Colin Johnson is Associate Professor of Gender Studies and Adjunct Associate Professor of American Studies, History and Human Biology at Indiana University in Bloomington, where he teaches courses on LGBT studies and the history of gender and sexuality in the United States.


Producer & Host: Doug Storm
Co-Host: Trish Kerle’
Board Engineer: Jonathan Richardson
Executive Producer: Alycin Bektesh

Daily Local News – January 9, 2014


The Indiana Legislature made steps today to progress a marriage amendment that would change the Indiana Constitution to state that only heterosexual couples have marriage rights in Indiana; A statewide rule requiring the drug testing of certain medical patients is at the center of a class action lawsuit filed yesterday; Motorists on State Road 37 will soon begin to see workers cutting down trees, on the twenty-one mile stretch of highway from Bloomington to Martinsville.

WFHB and The Ryder Magazine Present an Interview with Cartoonist Nate Powell
Cartoonist Nate Powell has become one of the most recognized names in the graphic novel industry. Born in Arkansas and eventually making his way to Bloomington, Powell makes stops in New York and other cities operating an indie record label, fronts for a combination punk band and puppet show, and
works with the developmentally disabled. His latest graphic novel, called March: Book One, is the story of civil rights pioneer and Georgia Congressman John Lewis. Powell spoke with correspondent Michael Glab for this feature report, the first of a series jointly produced by WFHB and The Ryder Magazine.

A new year is here, a time for reflection and resolution. How are people in Bloomington resolving to improve themselves and our world? In this special edition of Voices in the Street, WFHB went on-location to local taverns, neighborhood parties, and of course the streets of Bloomington to find all about hopes and dreams for 2014.

Anchors: Carolyn VandeWiele, Scott Weddle
Today’s headlines were written by Alycin Bektesh and Joe Crawford.
Our feature was produced by Michael Glab.
Voices in the Street was produced by Kelly Wherley,
Our engineer is Sarah Hettrick.
Editor is Drew Daudelin,
Executive Producer is Alycin Bektesh.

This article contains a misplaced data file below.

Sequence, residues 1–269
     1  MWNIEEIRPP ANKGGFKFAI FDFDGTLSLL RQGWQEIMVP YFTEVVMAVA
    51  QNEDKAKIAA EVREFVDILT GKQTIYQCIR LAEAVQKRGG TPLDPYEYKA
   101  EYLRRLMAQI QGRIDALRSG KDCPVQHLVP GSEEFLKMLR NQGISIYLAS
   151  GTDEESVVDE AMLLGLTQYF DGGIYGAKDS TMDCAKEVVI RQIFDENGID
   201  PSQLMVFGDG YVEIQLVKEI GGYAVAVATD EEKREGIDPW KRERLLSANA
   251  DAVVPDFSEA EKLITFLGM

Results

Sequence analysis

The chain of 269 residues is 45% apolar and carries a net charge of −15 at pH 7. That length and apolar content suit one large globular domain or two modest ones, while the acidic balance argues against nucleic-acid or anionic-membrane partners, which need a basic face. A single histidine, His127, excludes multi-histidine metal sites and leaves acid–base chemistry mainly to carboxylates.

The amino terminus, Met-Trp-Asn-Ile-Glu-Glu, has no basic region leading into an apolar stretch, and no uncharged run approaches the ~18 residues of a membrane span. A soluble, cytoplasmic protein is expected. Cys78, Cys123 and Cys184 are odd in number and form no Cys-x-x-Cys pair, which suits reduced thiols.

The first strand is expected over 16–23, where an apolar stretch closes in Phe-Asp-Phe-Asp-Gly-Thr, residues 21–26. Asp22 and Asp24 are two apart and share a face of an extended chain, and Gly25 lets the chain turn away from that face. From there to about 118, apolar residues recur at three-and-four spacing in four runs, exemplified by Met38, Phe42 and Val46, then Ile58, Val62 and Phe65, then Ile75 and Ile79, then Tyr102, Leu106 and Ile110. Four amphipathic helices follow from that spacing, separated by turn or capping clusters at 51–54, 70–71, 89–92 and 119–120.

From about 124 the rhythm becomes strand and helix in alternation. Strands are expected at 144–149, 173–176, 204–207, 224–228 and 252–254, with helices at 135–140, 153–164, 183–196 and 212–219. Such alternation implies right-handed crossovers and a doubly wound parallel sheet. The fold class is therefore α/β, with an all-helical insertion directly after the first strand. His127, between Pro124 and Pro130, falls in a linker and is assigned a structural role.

Freedom Indiana To Hold Community Meeting Sunday To Inform Hoosiers Marriage-Defining HJR-6 Bill


Freedom Indiana is holding a community meeting this Sunday, to discuss information about the organization and effects of the HJR-6 Bill.

Communications Director Jennifer Wagner gives more detail on the organization.

“Freedom Indiana is a bipartisan, statewide organization,” Wagner says, “We recently stood up to oppose HJR-6 that would restrict freedom for certain Hoosiers, define marriage, and harm Indiana’s economy.”

According to Freedom Indiana, the HJR-6 Bill defines marriage as, QUOTE, “Only a marriage between one man and one woman shall be valid or recognized as a marriage in Indiana. A legal status identical or substantially similar to that of marriage for unmarried individuals shall not be valid or recognized.” END QUOTE.

The bill would alter the Indiana Constitution’s stance on marriage, and it could affect rights related to marriage that are currently under Indiana law.

The goal of the Freedom Indiana meeting is to raise awareness for the organization, and to educate lawmakers and Hoosiers about the amendment.

“Our goal is to build the largest grassroots constituency campaign in Indiana history,” Wagner says, “We want to contact as many Hoosiers as we can to let them know how harmful it would be to them and their fellow Hoosiers. We hope they let their lawmakers know that it’s not something that needs to happen now.”

The meeting will be held this Sunday at 5:30 pm, in the Unitarian Universalist Church.



Standing Room Only – Marriage Equality for Bloomington


On Tuesday, September 17th City Council Member Susan Sandberg sponsored a resolution, along with Council Members Darryl Neher and Tim Mayer as co-sponsors, supporting marriage equality. The public was invited to participate, along with LGBT leaders and community and business organizations impacted economically by codifying discrimination in our State Constitution. The event consisted of a lively and frank discussion, and anecdotes of audience members. This event was recorded on location at the Bloomington City Council Chambers for Standing Room Only, on WFHB.